People will ask you how he’s doing, and you find it easier to plaster that smile on your face and say “he’s fine” rather than trying to describe his newest obsession. You just can’t explain to a mom of a typical kid how much your heart is hurting for your daughter. You continue to work, or volunteer. Even at your breaking point there’s still laundry to do, meals to make, errands to run. You put on a smile when you run into your other child’s teacher at the grocery store. You try not to fight too much with your husband. Sometimes, you feel like giving up.

Don’t.

I am now the mom of a severely autistic thirteen-year-old, and even after almost a decade-and-a-half of living in autism land I’ve seen few things that universally affect all families. Perhaps the only thing everyone agrees upon is that Early Intervention helps.

That, and getting your autistic kid to sleep is a win-win for all.

But I’ve seen this in my own home, and in my friends’ homes. I’ve heard countless stories of acquaintances’ autistic children, and read my favorite bloggers’ posts online. There is, perhaps, one more universal other than early therapy and unconsciousness.

Most of the time, behaviors come and go in cycles.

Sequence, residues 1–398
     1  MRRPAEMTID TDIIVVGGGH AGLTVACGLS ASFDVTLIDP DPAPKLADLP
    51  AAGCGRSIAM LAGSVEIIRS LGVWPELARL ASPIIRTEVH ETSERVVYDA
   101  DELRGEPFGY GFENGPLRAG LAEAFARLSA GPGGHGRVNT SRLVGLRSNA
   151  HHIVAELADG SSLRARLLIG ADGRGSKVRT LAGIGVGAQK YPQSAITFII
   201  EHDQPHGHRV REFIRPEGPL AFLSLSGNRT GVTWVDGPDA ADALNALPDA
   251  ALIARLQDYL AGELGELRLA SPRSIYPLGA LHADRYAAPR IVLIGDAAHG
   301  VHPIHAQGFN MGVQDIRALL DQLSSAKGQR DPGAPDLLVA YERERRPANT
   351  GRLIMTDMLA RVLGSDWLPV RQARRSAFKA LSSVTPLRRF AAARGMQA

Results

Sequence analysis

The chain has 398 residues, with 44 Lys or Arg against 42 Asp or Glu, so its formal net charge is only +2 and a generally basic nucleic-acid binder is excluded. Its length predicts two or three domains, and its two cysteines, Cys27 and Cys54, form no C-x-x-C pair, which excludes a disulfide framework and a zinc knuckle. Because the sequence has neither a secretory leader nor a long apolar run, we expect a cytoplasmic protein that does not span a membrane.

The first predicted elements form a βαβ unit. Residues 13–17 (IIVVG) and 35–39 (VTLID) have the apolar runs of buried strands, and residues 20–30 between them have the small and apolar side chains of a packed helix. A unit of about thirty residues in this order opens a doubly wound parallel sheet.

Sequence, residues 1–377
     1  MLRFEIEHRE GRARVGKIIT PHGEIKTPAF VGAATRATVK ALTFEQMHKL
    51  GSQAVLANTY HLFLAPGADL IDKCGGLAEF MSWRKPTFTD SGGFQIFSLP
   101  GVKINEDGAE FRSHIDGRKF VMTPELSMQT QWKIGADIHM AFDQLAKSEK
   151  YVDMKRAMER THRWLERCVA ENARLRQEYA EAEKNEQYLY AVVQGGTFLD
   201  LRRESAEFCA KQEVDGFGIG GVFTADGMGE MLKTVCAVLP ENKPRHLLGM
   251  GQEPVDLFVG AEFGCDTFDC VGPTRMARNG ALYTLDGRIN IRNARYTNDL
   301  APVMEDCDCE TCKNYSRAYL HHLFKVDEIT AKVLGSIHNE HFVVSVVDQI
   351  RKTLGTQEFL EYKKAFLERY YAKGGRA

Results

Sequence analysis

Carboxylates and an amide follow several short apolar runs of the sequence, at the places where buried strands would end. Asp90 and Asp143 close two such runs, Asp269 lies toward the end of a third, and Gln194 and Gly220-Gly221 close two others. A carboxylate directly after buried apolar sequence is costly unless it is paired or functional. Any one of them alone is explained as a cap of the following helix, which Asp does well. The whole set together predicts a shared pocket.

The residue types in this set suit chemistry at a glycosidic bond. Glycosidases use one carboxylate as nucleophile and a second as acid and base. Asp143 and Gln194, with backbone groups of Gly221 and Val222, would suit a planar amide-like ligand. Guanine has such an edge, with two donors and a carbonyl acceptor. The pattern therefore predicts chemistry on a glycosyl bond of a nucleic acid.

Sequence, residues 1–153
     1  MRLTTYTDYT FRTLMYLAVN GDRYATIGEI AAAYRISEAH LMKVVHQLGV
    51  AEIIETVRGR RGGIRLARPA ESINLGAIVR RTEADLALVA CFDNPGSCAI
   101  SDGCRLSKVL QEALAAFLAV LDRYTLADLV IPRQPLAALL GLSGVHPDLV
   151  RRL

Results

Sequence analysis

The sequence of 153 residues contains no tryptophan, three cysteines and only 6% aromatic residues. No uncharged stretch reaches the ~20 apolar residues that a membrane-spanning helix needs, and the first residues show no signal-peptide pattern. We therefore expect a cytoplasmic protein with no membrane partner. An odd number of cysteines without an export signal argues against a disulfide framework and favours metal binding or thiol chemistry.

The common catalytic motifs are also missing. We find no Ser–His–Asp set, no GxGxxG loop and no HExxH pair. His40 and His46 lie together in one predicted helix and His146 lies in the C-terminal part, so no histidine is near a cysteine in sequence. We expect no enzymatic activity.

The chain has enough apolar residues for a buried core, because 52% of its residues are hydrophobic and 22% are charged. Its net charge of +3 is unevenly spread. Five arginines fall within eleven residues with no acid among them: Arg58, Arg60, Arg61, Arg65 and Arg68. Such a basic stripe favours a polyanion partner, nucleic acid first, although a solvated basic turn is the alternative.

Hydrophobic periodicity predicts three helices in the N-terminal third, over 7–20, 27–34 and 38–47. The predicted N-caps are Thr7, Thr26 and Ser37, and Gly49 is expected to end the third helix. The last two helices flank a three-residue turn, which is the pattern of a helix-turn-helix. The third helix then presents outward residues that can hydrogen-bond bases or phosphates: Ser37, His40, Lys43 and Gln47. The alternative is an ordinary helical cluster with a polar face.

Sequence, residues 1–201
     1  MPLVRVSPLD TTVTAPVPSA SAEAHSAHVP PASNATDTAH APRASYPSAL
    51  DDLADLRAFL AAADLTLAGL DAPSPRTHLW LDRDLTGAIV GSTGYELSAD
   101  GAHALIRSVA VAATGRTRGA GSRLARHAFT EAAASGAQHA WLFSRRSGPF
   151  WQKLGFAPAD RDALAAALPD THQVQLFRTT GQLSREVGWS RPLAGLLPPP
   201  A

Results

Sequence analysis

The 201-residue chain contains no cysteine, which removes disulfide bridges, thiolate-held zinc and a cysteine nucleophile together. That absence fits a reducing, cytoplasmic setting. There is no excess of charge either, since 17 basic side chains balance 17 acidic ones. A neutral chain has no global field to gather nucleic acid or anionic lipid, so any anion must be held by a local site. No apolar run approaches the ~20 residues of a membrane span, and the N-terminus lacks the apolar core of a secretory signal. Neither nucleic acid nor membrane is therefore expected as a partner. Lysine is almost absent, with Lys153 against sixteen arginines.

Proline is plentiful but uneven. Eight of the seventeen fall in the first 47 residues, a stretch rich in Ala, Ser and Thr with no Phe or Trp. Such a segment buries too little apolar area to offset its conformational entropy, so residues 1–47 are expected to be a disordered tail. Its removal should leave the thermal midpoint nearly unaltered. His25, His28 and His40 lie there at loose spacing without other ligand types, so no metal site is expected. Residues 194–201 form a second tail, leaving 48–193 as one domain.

I’ll say it again. Most of the time, the behaviors come and go in cycles.

Often, with patience, time, the right therapy, the right medication (or all of the above,) we can help our kids. We can alleviate the most egregious symptoms of whatever is causing them, and us, such torment.

We can return to our normal.

So wherever you are in this latest siege, don’t give up hope.

Maybe it’s been a few weeks. Maybe it’s been months.

Maybe it seems like it’s gone on forever.

Take each challenge one step at a time. Rally all your resources. Ask for help. Remember to take care of yourself.

Again, remember to take care of yourself.

And breathe.

 

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February 27, 2017

The Marathon

Posted in AMT's Faves, Life's Little Moments, My Take on Autism tagged , , at 3:45 pm by autismmommytherapist

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I stretch luxuriously on my couch, book finished, contemplating my next snack as I lumber to my feet. I do a mental check of my children, know my youngest is wrapped in a cocoon of blankets on the couch in the other room also reading a good book, and hear the happy “eeees” of my eldest as he revels upstairs in the computer games he loves. All is well in the McCafferty household.

All is well, and on a weekend I’ve managed to spend an entire hour reading a book. Definitely time to celebrate with food.

There was a time in the not-so-recent past (hell, two months ago) that getting an hour of free time with my kids around would have been a pipe dream not to be realized. My eldest son has severe autism and moderate OCD, and for a good portion of the last two-and-a-half years either my husband or myself actually had to be in the same room with him at all times to make sure his compulsions didn’t end up with him hurting himself, or more likely, inadvertently destroying something we really didn’t want to replace.